Some years ago I decided that when I have occasion to be away from home overnight (or longer), I don’t advertise it by posting on social media. At the time it was mostly a security decision: let’s not tell the world that our house sits empty.
Over time, though, it had less to do with security and more with unplugging.
Lucky me, I have enjoyed two recent vacations. First, a few nights in Puerto Vallarta to celebrate our 25th anniversary; and then a week in Pacific Grove, our annual trip with my mom and nephew.
Despite my international plan, in PV my phone decided not to work as a phone. I didn’t mind. It was my clock and my camera and that’s it. In PG I checked email, but kept myself off social media, even as a looky-loo.
I don’t typically think of myself as media addicted, but on vacation I saw the signs: the habit of clicking on the too-familiar icons, the ‘boredom’ of withdrawal. But I also saw the benefits. I was more present to the moment. I had more time to exercise, read, and play.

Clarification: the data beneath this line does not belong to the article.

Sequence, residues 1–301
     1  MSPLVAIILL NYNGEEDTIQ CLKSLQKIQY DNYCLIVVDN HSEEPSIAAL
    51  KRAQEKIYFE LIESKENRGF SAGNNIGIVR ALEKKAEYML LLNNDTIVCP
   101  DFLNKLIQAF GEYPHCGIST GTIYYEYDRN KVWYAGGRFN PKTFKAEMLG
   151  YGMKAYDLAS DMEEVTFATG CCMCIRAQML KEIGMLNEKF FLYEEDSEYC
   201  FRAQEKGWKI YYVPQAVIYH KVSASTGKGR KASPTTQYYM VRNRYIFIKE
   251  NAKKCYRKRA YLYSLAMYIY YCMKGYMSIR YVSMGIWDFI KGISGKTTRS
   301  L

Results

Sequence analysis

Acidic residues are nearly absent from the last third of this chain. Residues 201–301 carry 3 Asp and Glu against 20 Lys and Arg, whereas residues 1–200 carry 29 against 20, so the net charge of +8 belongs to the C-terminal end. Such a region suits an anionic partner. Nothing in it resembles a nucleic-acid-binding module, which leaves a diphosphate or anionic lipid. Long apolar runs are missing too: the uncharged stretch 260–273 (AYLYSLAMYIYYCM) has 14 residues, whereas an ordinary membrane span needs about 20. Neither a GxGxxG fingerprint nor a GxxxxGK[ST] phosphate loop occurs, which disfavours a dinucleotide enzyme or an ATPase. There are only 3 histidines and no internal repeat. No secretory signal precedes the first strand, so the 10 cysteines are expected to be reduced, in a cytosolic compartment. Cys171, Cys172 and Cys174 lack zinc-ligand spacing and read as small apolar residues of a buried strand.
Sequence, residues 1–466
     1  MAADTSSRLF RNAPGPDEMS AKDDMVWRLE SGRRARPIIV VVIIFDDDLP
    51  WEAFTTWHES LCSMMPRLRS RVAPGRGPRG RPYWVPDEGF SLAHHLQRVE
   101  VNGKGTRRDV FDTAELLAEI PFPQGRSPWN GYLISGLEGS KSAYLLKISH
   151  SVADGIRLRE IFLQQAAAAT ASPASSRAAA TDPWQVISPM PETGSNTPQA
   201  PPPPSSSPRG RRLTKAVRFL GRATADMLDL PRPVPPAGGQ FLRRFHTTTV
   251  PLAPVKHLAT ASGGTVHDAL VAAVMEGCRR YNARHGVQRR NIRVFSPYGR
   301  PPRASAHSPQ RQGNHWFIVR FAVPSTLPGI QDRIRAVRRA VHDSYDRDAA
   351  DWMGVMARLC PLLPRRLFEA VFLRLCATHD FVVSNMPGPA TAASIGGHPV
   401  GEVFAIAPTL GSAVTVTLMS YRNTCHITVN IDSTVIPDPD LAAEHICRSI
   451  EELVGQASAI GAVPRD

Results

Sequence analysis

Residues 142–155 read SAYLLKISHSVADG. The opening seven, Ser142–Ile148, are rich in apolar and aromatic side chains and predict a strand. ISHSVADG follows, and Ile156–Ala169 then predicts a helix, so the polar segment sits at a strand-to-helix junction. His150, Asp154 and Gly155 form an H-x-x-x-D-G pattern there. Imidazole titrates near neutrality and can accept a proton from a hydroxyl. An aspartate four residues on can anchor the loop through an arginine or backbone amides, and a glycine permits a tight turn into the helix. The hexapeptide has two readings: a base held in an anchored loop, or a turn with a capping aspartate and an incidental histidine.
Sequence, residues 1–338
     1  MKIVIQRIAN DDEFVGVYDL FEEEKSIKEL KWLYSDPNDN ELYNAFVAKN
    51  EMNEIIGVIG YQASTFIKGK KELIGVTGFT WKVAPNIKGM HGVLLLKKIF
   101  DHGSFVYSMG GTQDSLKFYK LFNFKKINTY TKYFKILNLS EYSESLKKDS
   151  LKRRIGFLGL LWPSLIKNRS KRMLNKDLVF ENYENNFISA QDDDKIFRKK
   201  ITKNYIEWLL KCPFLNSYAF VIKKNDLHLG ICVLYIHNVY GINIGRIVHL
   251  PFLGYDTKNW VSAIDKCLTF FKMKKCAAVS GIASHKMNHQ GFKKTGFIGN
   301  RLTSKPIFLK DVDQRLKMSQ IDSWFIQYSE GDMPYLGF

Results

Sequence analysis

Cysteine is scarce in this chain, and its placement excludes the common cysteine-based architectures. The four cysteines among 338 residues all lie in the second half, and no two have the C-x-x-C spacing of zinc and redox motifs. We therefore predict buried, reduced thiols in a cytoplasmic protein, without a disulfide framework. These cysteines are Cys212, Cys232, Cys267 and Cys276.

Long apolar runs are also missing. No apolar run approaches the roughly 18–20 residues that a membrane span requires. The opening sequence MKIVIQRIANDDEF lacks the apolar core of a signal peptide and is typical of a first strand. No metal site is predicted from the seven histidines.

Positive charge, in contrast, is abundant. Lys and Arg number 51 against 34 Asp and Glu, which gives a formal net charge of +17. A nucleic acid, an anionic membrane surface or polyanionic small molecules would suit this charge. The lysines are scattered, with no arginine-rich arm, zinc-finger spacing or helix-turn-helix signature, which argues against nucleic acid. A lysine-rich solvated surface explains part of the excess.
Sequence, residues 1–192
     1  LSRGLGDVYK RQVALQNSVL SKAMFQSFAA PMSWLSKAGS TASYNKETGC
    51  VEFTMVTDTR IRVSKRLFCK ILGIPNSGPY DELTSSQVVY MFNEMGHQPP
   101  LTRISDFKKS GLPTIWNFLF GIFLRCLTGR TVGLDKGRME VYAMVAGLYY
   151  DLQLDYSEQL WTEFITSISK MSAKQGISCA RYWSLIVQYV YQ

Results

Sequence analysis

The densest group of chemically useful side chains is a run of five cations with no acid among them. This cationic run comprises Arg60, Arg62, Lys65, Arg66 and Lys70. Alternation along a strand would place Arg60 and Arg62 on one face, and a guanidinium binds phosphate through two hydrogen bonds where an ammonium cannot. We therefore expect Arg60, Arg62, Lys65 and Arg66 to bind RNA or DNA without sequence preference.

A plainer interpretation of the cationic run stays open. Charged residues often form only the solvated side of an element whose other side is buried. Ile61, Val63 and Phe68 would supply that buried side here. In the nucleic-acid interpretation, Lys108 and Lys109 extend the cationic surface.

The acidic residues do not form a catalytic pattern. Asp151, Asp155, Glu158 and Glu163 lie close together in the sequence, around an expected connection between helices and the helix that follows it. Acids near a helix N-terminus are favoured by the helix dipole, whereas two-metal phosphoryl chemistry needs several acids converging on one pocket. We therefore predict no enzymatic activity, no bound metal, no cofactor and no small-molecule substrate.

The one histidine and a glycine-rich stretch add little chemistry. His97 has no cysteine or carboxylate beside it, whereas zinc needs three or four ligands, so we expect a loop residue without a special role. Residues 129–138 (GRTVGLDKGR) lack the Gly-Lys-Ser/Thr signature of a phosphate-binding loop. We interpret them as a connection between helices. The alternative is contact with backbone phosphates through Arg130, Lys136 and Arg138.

Home again, I’m back to posting both personally and professionally. And that’s that, because once you post, you want to see who reacts to your posts. And since you’re there, you might as well keep scrolling, and then you see something you want to share… Etcetera, etcetera.
For two short bursts, I lived well without my media addiction. Like coffee, I don’t think this addiction is all bad, but it has consequences. I’m newly aware that I might need to limit myself to the online equivalent of two cups a day–or less.